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Fare Thee Well (song)

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"Fare Thee Well" (sometimes known as "The Turtle Dove") is an 18th-century English folk ballad, listed as number 422 in the Roud Folk Song Index. In the song, a lover bids farewell before setting off on a journey, and the lyrics include a dialogue between the lovers.


The first published version of the song appeared in Roxburghe Ballads dated 1710; the lyrics were there given the title "The True Lover's Farewell". The song was traditionally sung to a range of different tunes.

In 1907, the composer and folk-song scholar Ralph Vaughan Williams recorded David Penfold, an innkeeper from Rusper, Sussex, singing "Turtle Dove", and the recording is available online via the British Library Sound Archive.[1]

Lyrical content[edit]

"Fare Thee Well" shares several lyrics which parallel those of Robert Burns's "A Red, Red Rose". The lyrics are also strikingly similar to a folk song titled, "My Dear Mary Ann"[2][3][4][5][6][7] that dates back to the mid-19th century. Similarities include the meter and rhyme scheme, as well as the alternative title of "Ten Thousand Miles". Lyrical similarities include the opening line, "Fare thee well my own true love", "Ten thousand miles or more" (word-for-word matches), and the question of seeing a dove or other bird crying for its love. The subjects of the songs are practically identical: Lovers mourning their separation and longing to return to one another.

Musical arrangements[edit]

In 1919, Vaughan Williams wrote an arrangement of the song, entitled "The Turtle Dove", for solo baritone (later re-arranged for solo and SATB choir).[8][9] Tia Blake released a version of the song similar to Vaughan Williams' arrangement and the original phonograph recording on her album Folk Songs & Ballads: Tia Blake and Her Folk-group.[10]

The song has been recorded by Nic Jones, Joan Baez on her 1960 debut album, Mary Black, Eliza Carthy, Chad & Jeremy, Mary Chapin Carpenter, Liam Clancy, Marianne Faithfull, Burl Ives, Molina and Roberts, Bonny Light Horseman, Pete Seeger and June Tabor.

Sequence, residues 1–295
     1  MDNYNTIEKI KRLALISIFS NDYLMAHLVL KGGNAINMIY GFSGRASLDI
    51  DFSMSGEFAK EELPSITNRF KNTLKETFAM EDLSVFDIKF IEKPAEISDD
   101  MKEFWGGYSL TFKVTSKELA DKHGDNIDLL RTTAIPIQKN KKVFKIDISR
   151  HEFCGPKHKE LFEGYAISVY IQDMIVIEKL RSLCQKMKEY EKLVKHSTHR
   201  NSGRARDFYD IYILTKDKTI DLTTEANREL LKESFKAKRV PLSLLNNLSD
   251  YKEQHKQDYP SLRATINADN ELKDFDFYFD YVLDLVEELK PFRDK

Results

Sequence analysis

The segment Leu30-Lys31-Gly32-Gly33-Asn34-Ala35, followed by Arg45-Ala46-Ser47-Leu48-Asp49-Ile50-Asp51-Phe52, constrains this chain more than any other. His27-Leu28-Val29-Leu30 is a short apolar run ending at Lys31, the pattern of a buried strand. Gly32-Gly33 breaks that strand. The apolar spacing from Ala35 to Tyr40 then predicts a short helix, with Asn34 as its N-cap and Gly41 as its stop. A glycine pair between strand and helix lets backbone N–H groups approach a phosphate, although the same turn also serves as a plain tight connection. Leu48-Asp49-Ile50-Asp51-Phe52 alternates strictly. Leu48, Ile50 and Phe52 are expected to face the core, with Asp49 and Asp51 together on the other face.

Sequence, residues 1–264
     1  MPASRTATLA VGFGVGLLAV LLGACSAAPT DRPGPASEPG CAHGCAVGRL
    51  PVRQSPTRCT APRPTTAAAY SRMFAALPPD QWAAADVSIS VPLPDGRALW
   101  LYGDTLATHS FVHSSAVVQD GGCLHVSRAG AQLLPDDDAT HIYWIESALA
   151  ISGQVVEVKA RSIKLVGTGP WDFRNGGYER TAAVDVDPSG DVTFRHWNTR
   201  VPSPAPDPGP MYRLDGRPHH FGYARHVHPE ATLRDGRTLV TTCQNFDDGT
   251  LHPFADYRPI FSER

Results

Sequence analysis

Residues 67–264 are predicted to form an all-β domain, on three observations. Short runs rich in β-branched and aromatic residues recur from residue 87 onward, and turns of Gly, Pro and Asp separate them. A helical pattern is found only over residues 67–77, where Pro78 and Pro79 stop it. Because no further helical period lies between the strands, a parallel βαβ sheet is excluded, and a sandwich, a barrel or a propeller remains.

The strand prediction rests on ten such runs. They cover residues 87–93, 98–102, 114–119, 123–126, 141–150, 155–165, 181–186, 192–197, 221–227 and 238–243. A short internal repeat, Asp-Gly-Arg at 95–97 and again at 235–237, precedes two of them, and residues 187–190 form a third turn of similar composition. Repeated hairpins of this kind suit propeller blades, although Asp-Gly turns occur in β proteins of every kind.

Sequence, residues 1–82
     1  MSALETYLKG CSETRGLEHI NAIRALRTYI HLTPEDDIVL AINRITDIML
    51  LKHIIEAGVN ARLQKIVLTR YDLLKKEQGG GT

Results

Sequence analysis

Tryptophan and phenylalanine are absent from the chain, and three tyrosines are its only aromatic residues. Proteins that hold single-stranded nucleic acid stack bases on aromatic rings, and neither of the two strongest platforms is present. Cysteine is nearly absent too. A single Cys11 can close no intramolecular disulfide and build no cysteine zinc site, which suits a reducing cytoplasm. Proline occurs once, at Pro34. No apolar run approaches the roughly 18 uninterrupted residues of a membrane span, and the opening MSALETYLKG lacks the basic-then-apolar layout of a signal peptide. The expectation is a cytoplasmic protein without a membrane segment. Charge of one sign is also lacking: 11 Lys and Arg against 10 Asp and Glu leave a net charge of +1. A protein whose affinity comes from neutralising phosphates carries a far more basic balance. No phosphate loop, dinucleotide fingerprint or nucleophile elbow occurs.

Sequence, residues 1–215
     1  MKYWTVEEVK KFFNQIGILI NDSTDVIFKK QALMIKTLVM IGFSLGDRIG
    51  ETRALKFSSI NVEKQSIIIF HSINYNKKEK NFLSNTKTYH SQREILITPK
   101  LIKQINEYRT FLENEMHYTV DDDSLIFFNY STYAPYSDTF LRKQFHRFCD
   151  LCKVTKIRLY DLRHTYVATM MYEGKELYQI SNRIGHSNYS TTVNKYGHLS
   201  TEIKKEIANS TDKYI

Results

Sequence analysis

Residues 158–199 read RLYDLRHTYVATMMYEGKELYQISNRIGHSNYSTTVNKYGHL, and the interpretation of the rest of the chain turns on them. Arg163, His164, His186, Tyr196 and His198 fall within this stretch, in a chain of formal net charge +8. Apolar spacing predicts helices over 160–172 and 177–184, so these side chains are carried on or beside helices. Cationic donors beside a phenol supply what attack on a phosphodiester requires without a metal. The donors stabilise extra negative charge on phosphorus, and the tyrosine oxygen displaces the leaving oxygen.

Mary Chapin Carpenter's version was used in the movie Fly Away Home (1996).[11] The King's Singers performed and recorded an arrangement of The Turtle Dove by their baritone Philip Lawson (composer and arranger)


The following lyrics were adapted by Vaughan Williams from the phonograph recording of David Penfold.

Fare you well my dear, I must be gone
And leave you for a while
If I roam away I'll come back again
Though I roam ten thousand miles, my dear
Though I roam ten thousand miles

So fair though art my bonny lass
So deep in love am I
But I never will prove false to the bonny lass I love
Till the stars fall from the sky my dear
Till the stars fall from the sky

The sea will never run dry, my dear
Nor the rocks never melt with the sun
But I never will prove false to the bonny lass I love
Till all these things be done my dear
Till all these things be done

O yonder doth sit that little turtle dove
He doth sit on yonder high tree
A making a moan for the loss of his love
As I will do for thee my dear
As I will do for thee


References 1-6 are transcribed from the Traditional Ballad Index website listed in "External Links" below

  1. ^ "Turtle Dove - Ethnographic wax cylinders - World and traditional music | British Library - Sounds". sounds.bl.uk. Retrieved 2020-08-22.
  2. ^ Brown III 300, "My Martha Ann" (1 text)
  3. ^ Fowke/Johnston, pp. 142-143, "Mary Ann" (1 text, 1 tune)
  4. ^ Fowke/MacMillan 48, "Mary Ann" (1 text, 1 tune)
  5. ^ Lomax-FSNA 75, "Mary Ann" (1 text, 1 tune)
  6. ^ Silber-FSWB, p. 147, "Mary Ann" (1 text)
  7. ^ Bodleian, Johnson Ballads 1111, "My Mary Ann," A. Ryle and Co. (London), 1845-1859; also Firth c.12(366), Firth
  8. ^ Frogley, Alain; Thomson, Aidan J. (2013). The Cambridge Companion to Vaughan Williams. Cambridge University Press. p. 141. ISBN 9781107650268. Retrieved 24 January 2018.
  9. ^ Elliott, Rachel. Notes on four folk songs collected by Ralph Vaughan Williams (PDF). English Folk Dance and Song Society. p. 5. Retrieved 24 January 2018.
  10. ^ "Folksongs & Ballads, by Tia Blake and her Folk-Group". Bandcamp. Retrieved 2024-02-05.
  11. ^ "Carpenter Set offers her Favorites and Fans". Billboard. Nielsen Business Media, Inc. 24 April 1999. p. 77.

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